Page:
When I was a kid I prided myself on never having broken a bone or having had stitches. Not being much of athlete, I had little chance of either occurring (and in my world, such bone-breaking sports as skiing involved people in Switzerland or Colorado or Vermont, not some kid a few miles from the Bronx). Apart from the compulsory miseries of gym class—dodge-ball, punch-ball, the usual activities that pitted the übermenschen against the weak; then, later, soccer, lacrosse and—the one sport I liked and still follow as a spectator—tennis, my athletic fields consisted of the school playground for after-hours stickball, and the street outside the house for stoopball, both of which were played with a pink Spalding, bought for a quarter at the local candy store. These were the sports of the Dead End Kids, not some eager Little Leaguer anticipating a major league career.
Since then, and apart from a horror-flick tonsillectomy at the age of four, I’ve been lucky. A few stitches here and there where I’d foolishly tried to cut a delicata squash in my hand and not on the board, and there was the hernia operation several years ago that changed my whole attitude towards physical pain, but I’m at this moment recovering from a full hip replacement, and I think I can now say I’ve paid my dues.
No bone was broken during the procedure; it was sawed off, and fortunately I slept heavily and dreamlessly through it all. And it was determined in the half-hour beforehand in the prep room that indeed I may well be able to ascribe the origin of this moment to a fall I’d taken from a horse some years ago, when, through every fault of my own, I tumbled directly onto the hip off a skittish gelding. Riding a horse is not something I’m especially suited to; like Jason Schwartzman’s character in HBO’s “Bored to Death,” my assumption had always been that Jews didn’t ride horses. But when I started riding I found out my grandfather had been in the Russian cavalry, and that two of my favorite writers, Proust and Kafka, had ridden either voluntarily or under military duress. This allowed me no protection whatsoever. After that fall I got back on and rode for a few more years after that, twice a week around and around a wooden paddock, going nowhere at moderate speed in spiffy boots and breeches. Riding to hounds, the goal of this particular stable, was not going to be in my future. In any event, they wouldn’t have wanted me. Wrong class, wrong attitude, wrong accent.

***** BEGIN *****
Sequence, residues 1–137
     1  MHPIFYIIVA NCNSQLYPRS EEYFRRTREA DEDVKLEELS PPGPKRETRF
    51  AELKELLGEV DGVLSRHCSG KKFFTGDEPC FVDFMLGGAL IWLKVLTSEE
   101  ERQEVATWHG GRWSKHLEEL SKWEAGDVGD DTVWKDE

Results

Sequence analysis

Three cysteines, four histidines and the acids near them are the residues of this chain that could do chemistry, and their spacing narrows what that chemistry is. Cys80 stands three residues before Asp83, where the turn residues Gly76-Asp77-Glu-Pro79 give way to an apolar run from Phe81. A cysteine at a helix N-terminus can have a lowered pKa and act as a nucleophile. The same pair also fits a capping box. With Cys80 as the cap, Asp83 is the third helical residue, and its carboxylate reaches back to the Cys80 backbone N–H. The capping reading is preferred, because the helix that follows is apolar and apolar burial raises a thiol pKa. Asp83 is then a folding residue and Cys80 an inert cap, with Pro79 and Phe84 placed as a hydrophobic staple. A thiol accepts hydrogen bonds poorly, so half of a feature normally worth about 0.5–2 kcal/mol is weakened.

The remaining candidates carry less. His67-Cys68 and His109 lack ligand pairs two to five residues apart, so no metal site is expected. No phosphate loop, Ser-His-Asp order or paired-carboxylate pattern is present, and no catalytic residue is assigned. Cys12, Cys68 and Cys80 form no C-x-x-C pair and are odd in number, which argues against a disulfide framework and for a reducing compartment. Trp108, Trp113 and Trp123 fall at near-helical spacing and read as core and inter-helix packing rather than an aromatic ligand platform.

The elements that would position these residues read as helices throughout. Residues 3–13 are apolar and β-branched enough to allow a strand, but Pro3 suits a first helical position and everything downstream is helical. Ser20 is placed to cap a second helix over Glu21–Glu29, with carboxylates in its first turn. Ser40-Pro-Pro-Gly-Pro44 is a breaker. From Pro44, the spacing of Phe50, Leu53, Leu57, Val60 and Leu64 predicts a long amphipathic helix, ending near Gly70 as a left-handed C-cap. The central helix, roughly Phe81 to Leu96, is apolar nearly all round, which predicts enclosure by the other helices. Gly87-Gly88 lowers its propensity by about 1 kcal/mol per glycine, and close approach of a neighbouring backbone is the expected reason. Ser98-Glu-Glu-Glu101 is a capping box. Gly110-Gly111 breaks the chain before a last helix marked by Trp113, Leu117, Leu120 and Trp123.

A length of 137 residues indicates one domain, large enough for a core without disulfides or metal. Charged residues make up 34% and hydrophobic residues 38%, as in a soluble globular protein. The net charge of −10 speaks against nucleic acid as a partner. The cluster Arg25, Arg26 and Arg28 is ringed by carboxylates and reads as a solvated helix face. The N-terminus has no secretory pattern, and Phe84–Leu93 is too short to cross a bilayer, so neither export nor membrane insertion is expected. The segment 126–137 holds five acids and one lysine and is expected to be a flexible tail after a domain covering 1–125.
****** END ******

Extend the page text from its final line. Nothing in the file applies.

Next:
Immediately upon awakening in the recovery room, my first words were, “This isn’t in the script.” For a few months now I’ve been developing a screenplay with a production company in Los Angeles, and that the night prior to surgery I was in a telephone conference with their development executive, taking notes for my next, hopefully last, rewrite. So the fact that this was on my mind as I rose up out of a narcotized state was not unusual. I spent three days in hospital being very well cared-for and very poorly fed (my best meal was a bowl of Raisin Bran), I had WiFi and I could read. TV consisted of about fourteen basic cable stations, including one that kept running litigation ads for those who’d been given a faulty artificial hip joint renowned for destroying lives.
Though the pain was tolerable, the discomfort—the sheer inability to move without the assistance of others and a kind of trapeze over my bed I’d last seen Marlon Brando use in “The Men”—was amazing, and dealing with the various necessities of life demanded certain ingenuities, such as injecting myself with a blood-thinner every morning, which I actually became quite good at. Small needle equals small pain, as long as your aim is true and you don’t think about it too much.
Now at home for nearly two weeks, my physical therapist visits every few days, I do a range of exercises daily, and I’m now down to a single crutch and have just ordered a rather handsome cane that looks like it came out of Paramount’s prop department, which will serve me well for several months. Some things are uncomfortable. I am not permitted to cross my legs or ankles, and when I sleep it’s on my back. Period. Which after eight hours can be uncomfortable. Stairs have become completely manageable. Horses are forbidden. I haven’t yet got behind the wheel of a car. But I do know that soon enough the stiffness and pain will be gone and I’ll be able to enjoy a painless left side. In any event, I keep it out of mind by working on a script in which hip surgery had not, and never will, be a part.
Causes J.P. Smith Supports